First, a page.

• Pre-roll: an ad that gets mentioned at the beginning of a podcast.
  • Mid-roll: an ad that plays in the middle of a podcast.
  • Outro: the last few words of a podcast where the advertiser can slip in a final call to action.
  • Offer code: a coupon code that the host gives to the audience to track conversions directly to the ad campaign.
  • Native ads: advertising that matches its delivery platform, as if it is an extension of it.
  • Direct response: marketing or advertising that can be measured and tracked — for podcasts this is usually in the form of a URL or offer code.
  • CPM rate: an ad expense measurement of the “cost per mille” (or per thousand) listens of a podcast.
  • CPA rate: a measurement of the “cost per acquisition,” or cost to acquire one new customer as a result of an advertisement

What other suggestions do you have for a podcast sponsor? I’d be happy to add it to my list!

Mark Schaefer is the chief blogger for {grow}, executive director of Schaefer Marketing Solutions, and the author of several best-selling digital marketing books. He is an acclaimed keynote speaker, college educator, and business consultant. The Marketing Companion podcast is among the top business podcasts in the world. Contact Mark to have him speak to your company event or conference soon.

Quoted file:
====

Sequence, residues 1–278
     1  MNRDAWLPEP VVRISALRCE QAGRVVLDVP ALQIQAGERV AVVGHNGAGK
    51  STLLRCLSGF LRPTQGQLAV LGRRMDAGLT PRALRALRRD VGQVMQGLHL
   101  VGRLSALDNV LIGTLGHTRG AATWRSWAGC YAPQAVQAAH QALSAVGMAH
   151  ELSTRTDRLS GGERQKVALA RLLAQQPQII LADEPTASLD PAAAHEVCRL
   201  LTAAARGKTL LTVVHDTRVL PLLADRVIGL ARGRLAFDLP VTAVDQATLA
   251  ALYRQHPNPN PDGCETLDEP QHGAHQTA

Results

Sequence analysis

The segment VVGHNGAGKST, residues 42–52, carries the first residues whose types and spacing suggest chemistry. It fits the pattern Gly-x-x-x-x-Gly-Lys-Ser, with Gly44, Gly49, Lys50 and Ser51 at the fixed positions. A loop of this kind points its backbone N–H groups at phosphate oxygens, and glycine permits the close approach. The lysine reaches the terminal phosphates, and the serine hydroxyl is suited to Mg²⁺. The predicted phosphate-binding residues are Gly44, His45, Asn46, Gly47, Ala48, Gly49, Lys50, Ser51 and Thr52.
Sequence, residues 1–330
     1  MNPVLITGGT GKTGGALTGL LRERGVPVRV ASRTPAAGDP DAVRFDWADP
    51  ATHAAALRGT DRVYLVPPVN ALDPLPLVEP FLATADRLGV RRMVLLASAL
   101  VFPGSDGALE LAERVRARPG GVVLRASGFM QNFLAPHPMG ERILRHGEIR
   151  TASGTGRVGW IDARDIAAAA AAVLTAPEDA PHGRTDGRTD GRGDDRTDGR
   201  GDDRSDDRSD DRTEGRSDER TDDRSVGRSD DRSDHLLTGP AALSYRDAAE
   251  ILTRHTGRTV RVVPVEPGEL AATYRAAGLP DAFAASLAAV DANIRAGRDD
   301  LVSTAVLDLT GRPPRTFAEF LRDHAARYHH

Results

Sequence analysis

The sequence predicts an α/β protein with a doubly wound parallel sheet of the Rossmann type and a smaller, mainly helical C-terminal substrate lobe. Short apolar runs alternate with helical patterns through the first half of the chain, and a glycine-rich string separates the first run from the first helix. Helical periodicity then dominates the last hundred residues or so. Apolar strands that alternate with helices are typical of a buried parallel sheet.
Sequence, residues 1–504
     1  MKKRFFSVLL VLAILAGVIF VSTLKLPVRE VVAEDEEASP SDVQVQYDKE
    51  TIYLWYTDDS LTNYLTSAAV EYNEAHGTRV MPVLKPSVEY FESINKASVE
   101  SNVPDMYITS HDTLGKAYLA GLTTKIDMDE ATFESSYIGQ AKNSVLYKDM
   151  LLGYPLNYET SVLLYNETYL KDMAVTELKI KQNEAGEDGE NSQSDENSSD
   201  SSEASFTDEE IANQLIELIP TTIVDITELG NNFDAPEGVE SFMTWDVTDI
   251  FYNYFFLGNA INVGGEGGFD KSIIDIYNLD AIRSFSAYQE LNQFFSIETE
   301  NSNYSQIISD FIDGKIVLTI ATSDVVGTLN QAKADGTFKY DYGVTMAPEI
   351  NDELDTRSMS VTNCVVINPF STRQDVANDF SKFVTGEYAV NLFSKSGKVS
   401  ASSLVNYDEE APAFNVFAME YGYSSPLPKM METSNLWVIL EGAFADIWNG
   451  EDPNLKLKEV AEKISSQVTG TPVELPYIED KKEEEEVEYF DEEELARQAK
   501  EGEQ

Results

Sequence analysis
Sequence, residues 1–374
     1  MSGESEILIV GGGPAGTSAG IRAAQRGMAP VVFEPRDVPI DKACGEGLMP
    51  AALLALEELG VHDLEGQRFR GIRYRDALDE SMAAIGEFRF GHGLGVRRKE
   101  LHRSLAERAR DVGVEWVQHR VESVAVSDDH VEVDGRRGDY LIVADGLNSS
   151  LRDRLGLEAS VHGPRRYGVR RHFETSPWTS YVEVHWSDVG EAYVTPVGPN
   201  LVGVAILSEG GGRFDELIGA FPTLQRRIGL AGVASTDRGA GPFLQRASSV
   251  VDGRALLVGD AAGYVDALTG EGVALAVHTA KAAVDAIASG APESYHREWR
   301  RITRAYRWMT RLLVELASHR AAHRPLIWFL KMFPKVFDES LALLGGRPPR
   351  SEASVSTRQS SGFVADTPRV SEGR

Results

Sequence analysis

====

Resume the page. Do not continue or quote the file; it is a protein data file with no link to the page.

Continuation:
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Originally published at on December 10, 2018.




Keynote speaker, strategy consultant, Rutgers University marketing faculty and author of 9 books including KNOWN, Marketing Rebellion, and Cumulative Advantage.

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Mark Schaefer

Mark Schaefer

Keynote speaker, strategy consultant, Rutgers University marketing faculty and author of 9 books including KNOWN, Marketing Rebellion, and Cumulative Advantage.